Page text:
UPDATE: Greg Pollowitz at NRO’s Planet Gore provides some additional information from the climate deniers at FEMA and NOAA, that debunks the ridiculous premise of the original TP post. Question: Why does Think Progress hate science?
Via Hot Air, that’s the headline of a post by the smart folks at ThinkProgress — illustrating once again that some people will politicize about anything, even the death of 267-plus Americans:
The congressional delegations of these states — Alabama, Tennessee, Mississippi, Georgia, Virginia, and Kentucky — overwhelmingly voted to reject the science that polluting the climate is dangerous. They are deliberately ignoring the warnings from scientists.
For the rest of our lives, every time a natural disaster strikes anyone, anywhere, conservatives who support lower taxes or less intrusive government will be faulted. (You know, even if all Southern representatives believed in anthropogenic global warming theory, you hope they’d vote against lefty environmental policy simply because it’s far more destructive than global warming ever could be.)
And before the 80s, hurricanes and tornadoes only existed in mythology, apparently. Look, ThinkProgress explains, Kevin Trenberth says so.
“Given that global warming is unequivocal,” climate scientist Kevin Trenberth cautioned the American Meteorological Society in January of this year, “the null hypothesis should be that all weather events are affected by global warming rather than the inane statements along the lines of ‘of course we cannot attribute any particular weather event to global warming.’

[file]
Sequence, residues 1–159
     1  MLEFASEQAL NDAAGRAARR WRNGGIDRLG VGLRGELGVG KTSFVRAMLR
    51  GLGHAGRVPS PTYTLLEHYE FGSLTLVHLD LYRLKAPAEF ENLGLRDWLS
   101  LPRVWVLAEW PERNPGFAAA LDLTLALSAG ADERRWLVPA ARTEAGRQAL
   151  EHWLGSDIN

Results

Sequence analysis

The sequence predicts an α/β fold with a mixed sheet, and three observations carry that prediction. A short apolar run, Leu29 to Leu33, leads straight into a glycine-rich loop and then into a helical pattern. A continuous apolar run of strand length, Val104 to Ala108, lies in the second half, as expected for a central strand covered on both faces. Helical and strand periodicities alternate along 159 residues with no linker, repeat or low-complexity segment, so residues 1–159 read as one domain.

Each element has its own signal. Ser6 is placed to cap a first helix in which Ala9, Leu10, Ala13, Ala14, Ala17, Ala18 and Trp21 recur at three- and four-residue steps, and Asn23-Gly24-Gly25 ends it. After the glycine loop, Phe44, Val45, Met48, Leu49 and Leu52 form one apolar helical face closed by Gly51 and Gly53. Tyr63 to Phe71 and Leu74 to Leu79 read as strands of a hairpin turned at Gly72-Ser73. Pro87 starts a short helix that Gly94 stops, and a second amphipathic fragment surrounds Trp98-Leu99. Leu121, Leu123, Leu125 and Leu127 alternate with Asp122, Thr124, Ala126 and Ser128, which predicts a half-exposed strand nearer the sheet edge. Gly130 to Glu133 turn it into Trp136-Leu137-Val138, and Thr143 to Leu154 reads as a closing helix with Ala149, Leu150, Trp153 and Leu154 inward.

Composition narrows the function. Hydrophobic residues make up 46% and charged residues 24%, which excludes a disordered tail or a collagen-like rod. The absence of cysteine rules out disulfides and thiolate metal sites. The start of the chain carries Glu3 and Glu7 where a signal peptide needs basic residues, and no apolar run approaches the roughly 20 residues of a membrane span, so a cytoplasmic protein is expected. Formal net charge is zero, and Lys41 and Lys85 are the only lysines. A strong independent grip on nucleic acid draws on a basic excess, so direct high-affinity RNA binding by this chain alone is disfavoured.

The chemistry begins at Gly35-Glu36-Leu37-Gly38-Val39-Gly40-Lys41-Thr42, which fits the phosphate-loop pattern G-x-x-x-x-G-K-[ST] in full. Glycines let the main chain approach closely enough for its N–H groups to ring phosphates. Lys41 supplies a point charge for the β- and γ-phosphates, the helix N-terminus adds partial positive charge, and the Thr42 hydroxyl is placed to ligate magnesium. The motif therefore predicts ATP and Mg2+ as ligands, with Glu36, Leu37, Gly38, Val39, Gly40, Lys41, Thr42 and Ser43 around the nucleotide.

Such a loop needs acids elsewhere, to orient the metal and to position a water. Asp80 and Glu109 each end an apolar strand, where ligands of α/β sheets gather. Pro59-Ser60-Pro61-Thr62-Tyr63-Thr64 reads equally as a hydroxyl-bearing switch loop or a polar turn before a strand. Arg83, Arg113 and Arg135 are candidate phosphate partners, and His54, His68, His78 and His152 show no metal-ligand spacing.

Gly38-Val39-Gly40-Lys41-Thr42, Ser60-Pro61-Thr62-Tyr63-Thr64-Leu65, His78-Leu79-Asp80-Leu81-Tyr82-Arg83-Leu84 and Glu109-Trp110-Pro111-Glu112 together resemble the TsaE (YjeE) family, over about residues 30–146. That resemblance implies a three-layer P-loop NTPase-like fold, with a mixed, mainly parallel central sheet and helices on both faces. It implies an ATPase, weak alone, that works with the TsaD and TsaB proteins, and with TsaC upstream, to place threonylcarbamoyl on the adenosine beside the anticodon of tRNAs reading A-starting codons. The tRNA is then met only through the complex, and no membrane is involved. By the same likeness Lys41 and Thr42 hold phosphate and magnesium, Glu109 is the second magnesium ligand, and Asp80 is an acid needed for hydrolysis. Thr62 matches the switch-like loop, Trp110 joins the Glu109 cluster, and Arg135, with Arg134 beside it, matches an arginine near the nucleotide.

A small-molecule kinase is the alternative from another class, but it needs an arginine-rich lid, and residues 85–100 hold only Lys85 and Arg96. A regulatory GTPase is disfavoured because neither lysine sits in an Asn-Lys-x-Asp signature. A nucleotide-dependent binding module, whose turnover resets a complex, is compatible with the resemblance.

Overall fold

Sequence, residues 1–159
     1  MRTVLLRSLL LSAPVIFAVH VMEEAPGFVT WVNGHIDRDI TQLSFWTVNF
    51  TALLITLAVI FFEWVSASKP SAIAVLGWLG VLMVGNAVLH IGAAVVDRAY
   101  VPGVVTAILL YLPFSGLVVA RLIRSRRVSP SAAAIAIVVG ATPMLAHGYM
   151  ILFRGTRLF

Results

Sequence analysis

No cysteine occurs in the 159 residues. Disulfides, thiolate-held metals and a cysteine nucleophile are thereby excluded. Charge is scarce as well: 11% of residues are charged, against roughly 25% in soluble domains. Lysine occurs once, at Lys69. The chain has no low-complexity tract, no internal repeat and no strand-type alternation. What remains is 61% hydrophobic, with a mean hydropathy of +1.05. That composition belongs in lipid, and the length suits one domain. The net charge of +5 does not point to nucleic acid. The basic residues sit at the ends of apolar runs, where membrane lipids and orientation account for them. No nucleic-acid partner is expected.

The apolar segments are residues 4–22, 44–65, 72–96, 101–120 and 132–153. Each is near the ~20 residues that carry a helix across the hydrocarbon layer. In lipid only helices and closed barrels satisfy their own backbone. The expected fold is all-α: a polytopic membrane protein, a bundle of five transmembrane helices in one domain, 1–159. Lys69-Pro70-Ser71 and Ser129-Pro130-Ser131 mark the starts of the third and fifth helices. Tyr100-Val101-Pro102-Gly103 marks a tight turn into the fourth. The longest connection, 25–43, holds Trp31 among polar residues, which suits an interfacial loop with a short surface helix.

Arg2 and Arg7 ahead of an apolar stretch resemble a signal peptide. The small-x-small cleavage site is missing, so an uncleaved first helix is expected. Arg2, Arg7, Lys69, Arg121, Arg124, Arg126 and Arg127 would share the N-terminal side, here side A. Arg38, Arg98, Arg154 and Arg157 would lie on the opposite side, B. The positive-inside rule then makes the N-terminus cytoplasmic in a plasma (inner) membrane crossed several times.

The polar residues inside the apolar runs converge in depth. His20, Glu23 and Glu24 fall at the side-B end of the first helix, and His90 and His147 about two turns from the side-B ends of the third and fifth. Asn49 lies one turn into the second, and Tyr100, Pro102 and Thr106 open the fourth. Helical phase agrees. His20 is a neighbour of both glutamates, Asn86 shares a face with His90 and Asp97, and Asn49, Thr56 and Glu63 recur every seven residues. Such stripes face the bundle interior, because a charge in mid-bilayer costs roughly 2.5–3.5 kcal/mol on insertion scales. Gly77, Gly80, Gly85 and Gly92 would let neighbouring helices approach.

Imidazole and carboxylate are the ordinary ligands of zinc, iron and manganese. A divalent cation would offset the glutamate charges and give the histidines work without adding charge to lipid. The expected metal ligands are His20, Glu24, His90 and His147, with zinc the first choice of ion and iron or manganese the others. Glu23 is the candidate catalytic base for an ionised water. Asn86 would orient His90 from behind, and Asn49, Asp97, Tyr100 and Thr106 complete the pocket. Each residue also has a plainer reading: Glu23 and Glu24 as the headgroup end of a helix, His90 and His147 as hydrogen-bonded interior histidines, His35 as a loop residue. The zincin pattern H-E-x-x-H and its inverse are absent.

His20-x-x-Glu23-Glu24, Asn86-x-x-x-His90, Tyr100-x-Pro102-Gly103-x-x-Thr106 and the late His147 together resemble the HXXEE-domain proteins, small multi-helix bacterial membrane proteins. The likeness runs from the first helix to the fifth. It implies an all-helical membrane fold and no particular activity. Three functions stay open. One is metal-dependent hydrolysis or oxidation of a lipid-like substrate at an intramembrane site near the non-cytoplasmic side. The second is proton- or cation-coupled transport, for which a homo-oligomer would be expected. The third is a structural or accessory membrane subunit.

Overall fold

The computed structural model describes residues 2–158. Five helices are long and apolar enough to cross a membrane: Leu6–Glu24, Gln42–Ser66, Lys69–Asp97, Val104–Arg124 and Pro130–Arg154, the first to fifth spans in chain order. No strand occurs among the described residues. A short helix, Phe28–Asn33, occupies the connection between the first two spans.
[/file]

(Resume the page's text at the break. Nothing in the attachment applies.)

All of them.
Now, most people understand what ThinkProgress is up to, but thanks to files from computers at the University of East Anglia’s Climate Research Unit we know that Trenberth is also a propagandist – though a poor one. In an email dated October 14, 2009, Trenberth wrote: “We can’t account for the lack of warming at the moment and it is a travesty that we can’t,” and “any consideration of geoengineering [is] quite hopeless as we will never be able to tell if it is successful or not!”
Trenberth argued that skeptics had cherry-picked his comments and they were out of context. So, at the time, I sent him (and National Center for Atmospheric Research) a Freedom of Information request to see e-mail correspondences between these leading climate scientists so the public could better contextualize what he really meant.
The reply: “My email is none of your business.” The next reply was from a lawyer. Turns out Trenberth has no qualms living off taxpayers, but has a big problem with transparency. When he finally gets off the dole, I’m sure John Podesta will have work for him.